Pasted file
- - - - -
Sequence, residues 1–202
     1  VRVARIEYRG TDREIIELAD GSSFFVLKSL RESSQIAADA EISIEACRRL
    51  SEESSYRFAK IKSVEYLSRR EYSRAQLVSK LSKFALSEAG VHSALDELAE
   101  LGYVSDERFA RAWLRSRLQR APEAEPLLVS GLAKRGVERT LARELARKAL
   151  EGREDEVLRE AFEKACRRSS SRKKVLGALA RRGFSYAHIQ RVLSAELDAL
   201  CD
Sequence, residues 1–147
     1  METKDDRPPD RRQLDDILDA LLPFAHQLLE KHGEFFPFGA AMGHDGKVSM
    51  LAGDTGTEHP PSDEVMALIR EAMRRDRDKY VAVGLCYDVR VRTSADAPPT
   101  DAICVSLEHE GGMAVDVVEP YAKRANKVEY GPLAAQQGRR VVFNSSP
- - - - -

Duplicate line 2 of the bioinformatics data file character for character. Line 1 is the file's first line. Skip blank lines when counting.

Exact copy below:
     1  VRVARIEYRG TDREIIELAD GSSFFVLKSL RESSQIAADA EISIEACRRL